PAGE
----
Rystad Energy’s monthly price index suggests that prices for battery-grade lithium carbonate ex-works China rose to CNY 300,000/tonne in early January 2022, up nearly 43% from CNY 210,000/tonne a month earlier. The price for battery-grade lithium hydroxide ex-works China rose to CNY 290,000/tonne in early January from CNY 192,000/tonne in early December.
Copper supply deficit of 6 million tons by 2030 threatens renewables, EVs, as investment lags demand. Global demand for copper, an essential component in manufacturing electric vehicles (EVs) and consumer electronics, will outstrip supply by more than six million tonnes by 2030, Rystad Energy projects. A deficit of this magnitude would have wide-reaching ramifications for the energy transition as there is currently no substitute for copper in electrical applications. Significant investment in copper mining is required to avoid the shortfall.
Copper demand is projected to rise 16% by the end of the decade, reaching 25.5 million tonnes per annum (tpa) by 2030, compared with a supply forecast showing a 12% decrease versus 2021 levels. Estimates based on current and expected projects show supply will clock in at 19.1 million tpa, falling well short of the quantity needed to meet demand.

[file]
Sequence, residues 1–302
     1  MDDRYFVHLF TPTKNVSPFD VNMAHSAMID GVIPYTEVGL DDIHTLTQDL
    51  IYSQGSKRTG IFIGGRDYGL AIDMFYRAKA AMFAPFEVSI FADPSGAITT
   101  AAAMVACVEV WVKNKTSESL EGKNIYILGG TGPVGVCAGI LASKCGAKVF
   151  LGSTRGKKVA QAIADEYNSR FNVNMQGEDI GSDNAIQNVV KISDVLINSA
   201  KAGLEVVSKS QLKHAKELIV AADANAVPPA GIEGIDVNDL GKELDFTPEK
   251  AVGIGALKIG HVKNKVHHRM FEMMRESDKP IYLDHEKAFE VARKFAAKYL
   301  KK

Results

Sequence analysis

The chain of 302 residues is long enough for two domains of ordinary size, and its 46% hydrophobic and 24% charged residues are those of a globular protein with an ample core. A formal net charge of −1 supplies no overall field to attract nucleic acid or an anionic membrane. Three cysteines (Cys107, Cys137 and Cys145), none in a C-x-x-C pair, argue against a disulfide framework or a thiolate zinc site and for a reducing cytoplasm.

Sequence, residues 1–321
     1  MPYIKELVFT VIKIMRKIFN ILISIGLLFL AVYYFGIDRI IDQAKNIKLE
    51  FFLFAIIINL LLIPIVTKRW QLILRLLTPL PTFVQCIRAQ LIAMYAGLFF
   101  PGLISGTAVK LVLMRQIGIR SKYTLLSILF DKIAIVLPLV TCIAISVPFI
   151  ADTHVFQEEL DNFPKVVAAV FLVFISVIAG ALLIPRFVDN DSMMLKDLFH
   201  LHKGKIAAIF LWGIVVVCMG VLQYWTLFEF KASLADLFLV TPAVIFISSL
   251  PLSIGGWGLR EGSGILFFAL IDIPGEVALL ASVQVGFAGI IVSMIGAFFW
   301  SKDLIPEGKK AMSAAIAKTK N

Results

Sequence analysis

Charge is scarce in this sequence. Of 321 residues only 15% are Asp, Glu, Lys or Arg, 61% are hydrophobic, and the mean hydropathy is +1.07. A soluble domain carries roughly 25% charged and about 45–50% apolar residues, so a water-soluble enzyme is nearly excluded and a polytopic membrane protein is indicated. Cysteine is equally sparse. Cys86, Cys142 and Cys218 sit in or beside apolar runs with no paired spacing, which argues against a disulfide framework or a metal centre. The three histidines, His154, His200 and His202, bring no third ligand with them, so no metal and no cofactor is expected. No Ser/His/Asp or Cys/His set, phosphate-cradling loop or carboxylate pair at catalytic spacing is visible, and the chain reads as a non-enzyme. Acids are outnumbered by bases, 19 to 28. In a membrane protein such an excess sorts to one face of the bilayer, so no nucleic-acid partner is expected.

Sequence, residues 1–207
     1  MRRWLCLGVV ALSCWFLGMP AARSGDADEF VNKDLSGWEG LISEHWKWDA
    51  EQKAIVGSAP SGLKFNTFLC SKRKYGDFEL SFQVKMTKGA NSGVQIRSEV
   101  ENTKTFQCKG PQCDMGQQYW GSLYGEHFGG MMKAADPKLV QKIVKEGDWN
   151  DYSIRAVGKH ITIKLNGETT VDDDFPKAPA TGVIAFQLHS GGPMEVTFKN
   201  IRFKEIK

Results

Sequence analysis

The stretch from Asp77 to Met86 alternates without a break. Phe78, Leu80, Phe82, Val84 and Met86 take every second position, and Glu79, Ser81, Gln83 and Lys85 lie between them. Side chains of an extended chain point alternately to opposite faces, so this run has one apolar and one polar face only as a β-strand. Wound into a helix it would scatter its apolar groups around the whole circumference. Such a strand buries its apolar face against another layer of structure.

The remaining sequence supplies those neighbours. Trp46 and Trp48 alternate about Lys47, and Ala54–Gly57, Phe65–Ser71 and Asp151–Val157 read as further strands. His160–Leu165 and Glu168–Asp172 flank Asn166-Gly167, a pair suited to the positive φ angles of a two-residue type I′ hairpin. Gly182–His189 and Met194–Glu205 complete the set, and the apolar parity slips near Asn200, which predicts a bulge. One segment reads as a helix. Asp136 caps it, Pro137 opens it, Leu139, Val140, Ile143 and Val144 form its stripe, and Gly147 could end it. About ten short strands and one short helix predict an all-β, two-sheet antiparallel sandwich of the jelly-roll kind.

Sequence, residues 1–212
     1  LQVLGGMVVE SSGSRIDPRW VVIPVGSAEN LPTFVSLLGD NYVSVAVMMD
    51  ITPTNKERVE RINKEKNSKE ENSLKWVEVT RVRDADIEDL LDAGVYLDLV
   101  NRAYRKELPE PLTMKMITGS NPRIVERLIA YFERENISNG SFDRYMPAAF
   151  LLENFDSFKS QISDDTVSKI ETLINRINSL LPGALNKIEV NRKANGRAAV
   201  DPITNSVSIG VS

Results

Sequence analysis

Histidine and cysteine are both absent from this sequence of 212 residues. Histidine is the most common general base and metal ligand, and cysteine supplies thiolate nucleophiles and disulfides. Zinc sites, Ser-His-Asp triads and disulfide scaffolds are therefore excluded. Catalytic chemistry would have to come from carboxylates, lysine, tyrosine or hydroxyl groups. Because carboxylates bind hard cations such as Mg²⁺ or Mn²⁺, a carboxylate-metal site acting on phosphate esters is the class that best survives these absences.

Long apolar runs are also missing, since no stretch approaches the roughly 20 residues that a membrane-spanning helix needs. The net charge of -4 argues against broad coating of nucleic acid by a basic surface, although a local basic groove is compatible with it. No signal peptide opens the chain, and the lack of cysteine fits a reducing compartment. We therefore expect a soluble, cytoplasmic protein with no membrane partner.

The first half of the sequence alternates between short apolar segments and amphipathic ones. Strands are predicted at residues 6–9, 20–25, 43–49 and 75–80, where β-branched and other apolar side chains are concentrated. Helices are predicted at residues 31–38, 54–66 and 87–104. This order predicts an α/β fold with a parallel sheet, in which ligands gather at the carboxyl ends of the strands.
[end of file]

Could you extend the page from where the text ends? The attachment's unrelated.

Investment in copper mining is risky as current operations are near peak capacity due to ore quality and reserves exhaustion, exerting upward pressure on production costs and emissions. However, copper prices are currently high, which could encourage investors to accept a greater level of risk.
“Lackluster investments in copper mining are stumping supply, as the pandemic-driven market instability encourages investors to hold on to their capital. As the energy transition continues at pace and EV adoption grows in populous nations like China and India, the copper mining industry requires significant investment to keep up with demand,” says James Ley, global energy metals expert and Senior Vice President with Rystad Energy.
The growing renewables and EV markets have pushed copper demand higher, causing prices to soar. Prices have risen 70% during the pandemic. The current spike in infection cases, due mainly to the spread of the Omicron variant, is causing further supply chain bottlenecks, leaving prices at all-time highs entering 2022.
The outlook for copper investment paints a bleak picture for future supply, indicating a significant supply deficit could emerge from 2023 onwards. The expected demand increase is due to the market growth of renewables – solar, onshore and offshore wind, among others – EVs, construction and electronics. With India’s projected economic growth and the buildout of EVs from China, the demand projection could end up being conservative and the supply shortfall even more severe.